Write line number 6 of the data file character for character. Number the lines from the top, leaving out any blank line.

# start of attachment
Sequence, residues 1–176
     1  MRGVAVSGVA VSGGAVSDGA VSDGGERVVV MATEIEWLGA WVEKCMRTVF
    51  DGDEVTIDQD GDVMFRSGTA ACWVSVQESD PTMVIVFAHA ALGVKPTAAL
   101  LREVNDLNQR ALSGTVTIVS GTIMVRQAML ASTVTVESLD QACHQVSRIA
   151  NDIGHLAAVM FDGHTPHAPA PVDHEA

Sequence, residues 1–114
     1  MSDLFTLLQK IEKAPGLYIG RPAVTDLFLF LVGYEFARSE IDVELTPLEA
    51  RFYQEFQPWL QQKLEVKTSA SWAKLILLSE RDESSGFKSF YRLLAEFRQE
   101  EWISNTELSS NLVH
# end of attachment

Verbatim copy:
Sequence, residues 1–114